Social media provides a false image on who is to blame and how to act regarding the coronavirus. (Gabrielle Meidar)
Social media provides a false image on who is to blame and how to act regarding the coronavirus.

Gabrielle Meidar

Coronavirus doesn’t provide excuse for racism

April 7, 2020

It may seem as if all Asians are plagued with the coronavirus. Or at least, that’s what you will find on your Instagram feeds. 

According to the World Health Organisation (WHO), coronaviruses (CoV) are a family of viruses that infects humans and cause flu-like symptoms. The new strain that is spreading across the world has been named COVID-19, and symptoms include fever, cough, shortness of breath and breathing difficulties. It began in the Wuhan province of China and has now spread to more than 150 countries around the world.

However, ever since the press began reporting on the coronavirus pandemic, there has been a reported increase in xenophobic abuse targeted at Asians, both on social media and through in-person social interactions. There is no place for your corona jokes; they aren’t funny, and in fact, could be dangerous. 

There is no doubt that the virus is a huge global health issue. The speed at which COVID-19 has been spreading is alarming. However, this outbreak is no excuse for racism and stereotyping, nor is it something that should be made fun of in any way. 

The anonymity provided by social media platforms such as Instagram, Facebook, Snapchat, TikTok, and Twitter has given my generation a convenient wall to hide behind.”

Governments around the world reacted to this virus by demanding that people stay home and social distance themselves from others. This has increased the amount of time on people’s hands, especially teens on the internet. The anonymity provided by social media platforms such as Instagram, Facebook, Snapchat, TikTok, and Twitter has given my generation a convenient wall to hide behind. Sheltered behind the safety of screens, “jokes” are made and spread quickly, and can be societally detrimental, isolating certain sects of people, by way of labeling and name-calling. Once a label has been reposted or liked by millions, it then sticks.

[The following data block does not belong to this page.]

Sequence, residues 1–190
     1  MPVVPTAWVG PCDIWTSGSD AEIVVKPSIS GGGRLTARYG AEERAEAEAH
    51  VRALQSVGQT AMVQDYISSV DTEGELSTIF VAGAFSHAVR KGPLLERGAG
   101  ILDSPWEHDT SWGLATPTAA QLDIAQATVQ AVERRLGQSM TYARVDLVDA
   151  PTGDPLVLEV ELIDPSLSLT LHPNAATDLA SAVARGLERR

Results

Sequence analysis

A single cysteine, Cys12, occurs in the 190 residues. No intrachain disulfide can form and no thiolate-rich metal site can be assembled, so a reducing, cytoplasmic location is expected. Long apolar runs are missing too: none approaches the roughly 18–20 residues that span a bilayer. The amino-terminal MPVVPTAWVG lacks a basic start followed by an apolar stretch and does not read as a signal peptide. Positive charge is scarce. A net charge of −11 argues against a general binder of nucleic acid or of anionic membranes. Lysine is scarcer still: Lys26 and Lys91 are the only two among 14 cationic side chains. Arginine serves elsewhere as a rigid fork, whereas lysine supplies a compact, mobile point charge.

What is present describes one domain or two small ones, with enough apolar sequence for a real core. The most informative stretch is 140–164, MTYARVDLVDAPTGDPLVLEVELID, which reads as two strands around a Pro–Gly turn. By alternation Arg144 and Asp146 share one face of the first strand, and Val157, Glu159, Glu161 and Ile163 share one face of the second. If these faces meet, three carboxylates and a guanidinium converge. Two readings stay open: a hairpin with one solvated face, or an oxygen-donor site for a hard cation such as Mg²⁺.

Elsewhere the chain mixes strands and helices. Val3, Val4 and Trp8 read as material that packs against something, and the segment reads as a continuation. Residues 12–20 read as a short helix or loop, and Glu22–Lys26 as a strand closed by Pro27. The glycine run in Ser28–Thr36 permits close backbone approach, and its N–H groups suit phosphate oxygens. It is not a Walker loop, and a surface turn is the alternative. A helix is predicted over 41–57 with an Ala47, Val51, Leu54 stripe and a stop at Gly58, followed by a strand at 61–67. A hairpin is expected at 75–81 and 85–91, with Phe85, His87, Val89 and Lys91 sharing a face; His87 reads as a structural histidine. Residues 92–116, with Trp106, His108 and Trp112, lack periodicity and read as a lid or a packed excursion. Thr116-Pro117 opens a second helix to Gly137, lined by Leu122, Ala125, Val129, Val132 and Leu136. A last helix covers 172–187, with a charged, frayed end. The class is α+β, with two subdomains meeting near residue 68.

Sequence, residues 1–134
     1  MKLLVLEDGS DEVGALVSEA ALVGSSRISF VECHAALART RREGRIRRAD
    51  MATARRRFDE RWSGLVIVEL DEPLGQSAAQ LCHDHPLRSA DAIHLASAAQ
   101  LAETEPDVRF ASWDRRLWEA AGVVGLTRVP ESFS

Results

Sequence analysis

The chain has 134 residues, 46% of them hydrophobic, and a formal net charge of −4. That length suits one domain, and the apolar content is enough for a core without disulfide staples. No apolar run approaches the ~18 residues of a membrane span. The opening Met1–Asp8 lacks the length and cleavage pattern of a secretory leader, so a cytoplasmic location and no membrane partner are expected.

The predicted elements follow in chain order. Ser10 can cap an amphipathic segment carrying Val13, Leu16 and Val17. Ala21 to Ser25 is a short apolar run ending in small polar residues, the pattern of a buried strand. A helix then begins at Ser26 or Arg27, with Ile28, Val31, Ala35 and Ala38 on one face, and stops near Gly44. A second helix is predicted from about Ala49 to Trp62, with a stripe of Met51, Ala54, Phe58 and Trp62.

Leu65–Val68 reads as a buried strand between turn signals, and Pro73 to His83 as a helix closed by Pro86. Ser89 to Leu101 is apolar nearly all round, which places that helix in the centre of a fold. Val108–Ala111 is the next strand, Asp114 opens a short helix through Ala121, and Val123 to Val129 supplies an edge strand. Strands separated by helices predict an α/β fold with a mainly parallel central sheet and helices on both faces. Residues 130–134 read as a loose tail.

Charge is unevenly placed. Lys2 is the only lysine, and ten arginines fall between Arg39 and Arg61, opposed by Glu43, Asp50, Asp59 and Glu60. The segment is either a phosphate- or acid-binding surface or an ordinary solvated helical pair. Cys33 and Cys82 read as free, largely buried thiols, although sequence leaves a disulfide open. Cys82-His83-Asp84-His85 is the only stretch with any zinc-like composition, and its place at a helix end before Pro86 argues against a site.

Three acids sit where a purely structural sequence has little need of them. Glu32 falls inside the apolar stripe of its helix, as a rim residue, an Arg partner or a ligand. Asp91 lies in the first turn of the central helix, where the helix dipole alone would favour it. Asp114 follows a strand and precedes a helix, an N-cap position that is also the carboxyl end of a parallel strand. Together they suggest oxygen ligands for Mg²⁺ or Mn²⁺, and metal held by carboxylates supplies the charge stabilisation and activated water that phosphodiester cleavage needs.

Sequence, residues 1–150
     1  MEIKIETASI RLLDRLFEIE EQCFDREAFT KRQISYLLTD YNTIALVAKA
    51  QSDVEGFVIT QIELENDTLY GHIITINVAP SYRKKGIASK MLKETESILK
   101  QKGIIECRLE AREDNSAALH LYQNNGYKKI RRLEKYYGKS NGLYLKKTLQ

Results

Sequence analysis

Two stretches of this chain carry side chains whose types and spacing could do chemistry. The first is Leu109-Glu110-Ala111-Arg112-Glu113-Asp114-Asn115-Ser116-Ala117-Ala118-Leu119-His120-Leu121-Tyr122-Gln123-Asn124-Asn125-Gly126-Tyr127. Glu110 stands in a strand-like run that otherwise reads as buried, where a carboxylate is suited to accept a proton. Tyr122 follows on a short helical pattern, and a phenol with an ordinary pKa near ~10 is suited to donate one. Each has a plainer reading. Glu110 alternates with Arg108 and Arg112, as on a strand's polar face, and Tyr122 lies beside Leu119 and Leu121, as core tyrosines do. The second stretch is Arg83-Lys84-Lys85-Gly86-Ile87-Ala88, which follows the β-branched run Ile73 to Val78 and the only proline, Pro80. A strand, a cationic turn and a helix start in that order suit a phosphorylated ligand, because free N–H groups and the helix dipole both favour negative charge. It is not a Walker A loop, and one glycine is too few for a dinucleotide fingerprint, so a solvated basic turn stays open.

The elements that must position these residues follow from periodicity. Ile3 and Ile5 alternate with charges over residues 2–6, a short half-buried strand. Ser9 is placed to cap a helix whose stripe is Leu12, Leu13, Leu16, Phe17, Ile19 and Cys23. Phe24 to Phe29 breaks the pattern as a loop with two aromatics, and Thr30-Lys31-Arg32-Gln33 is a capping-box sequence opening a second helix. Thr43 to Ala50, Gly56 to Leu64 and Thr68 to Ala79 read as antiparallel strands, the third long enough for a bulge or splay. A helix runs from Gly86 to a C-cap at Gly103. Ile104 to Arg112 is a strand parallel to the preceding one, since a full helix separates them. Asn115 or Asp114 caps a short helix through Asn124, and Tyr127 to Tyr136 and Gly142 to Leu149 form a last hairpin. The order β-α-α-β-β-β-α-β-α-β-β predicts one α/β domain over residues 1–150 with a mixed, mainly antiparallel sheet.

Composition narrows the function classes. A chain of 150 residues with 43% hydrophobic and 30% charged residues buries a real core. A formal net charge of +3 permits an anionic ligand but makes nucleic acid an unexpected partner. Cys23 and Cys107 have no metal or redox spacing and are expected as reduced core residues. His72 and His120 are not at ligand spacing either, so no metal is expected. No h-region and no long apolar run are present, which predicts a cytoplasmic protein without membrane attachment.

In the case of the new coronavirus, updates are circulating our news feeds. Often, the intent of these posts can be blurred between the informative and the racist. It is crucial that the media refrains from fear-mongering and, instead, inform us of the severity of the situation and how to keep safe.

According to Worldometer, at least 368,174 people in the United States have been confirmed to have the coronavirus–more cases than any of the other countries before. Despite the fact that China is no longer the leading country in cases of the virus, even on my own social media feeds, a remarkable amount of problematic language and behavior encourages the spread of false messages about Asians. These false claims make it seem as if all people who look to be of Asian descent are infected with the virus; it has reached an unacceptable level of vitriol. 

A popular meme I have seen in my Instagram feed said, “The coronavirus won’t last long because it was made in China.” This struck me as a cheap jab at something serious. It disappoints me that, because of the easy access to posting anonymously online, there are many jokes encouraging us to laugh about something that is not funny. However, not only have I noticed there to be prejudice online, but also through real-life interactions.

On a trip to France with friends – before we were instructed to self-isolate – I noticed the couple sitting next to us wearing hospital face masks. I’d read about the virus and the ease with which it spreads through person-to-person contact. I now find myself heightened in my awareness of my surroundings. Despite knowing that the virus had not reached the U.K. or France in any significant numbers, I washed my hands constantly and am aware of those people around me who sneezed or coughed. 

As others were boarding the train, I noticed that a young woman dramatically leaned into our seats while passing, trying to avoid the masked Asian couple sitting across the aisle. The young man behind broadcasted his condemning gaze fixed on the anxious woman. I squinted in shock and directly met my friend’s eyes. I then turned towards the couple and gave a sympathetic glance, not knowing exactly what to say. The woman passed. Her gesture was minor, but I could feel the way she looked at the couple as if there must be something wrong.

It was infuriating that I had to witness an adult woman feel the urge to unabashedly discriminate against people because of their race. Although this is a formidable virus, it is one thing to take sensible precautions, and another to be racist and ignorant.

Unfortunately, we have not yet found a cure for coronavirus, however, there is still much that can be done to mitigate the prevalence of racism. We need to do better by treating others with the respect they deserve by understanding the pandemic for what it really is: a frightening health crisis.

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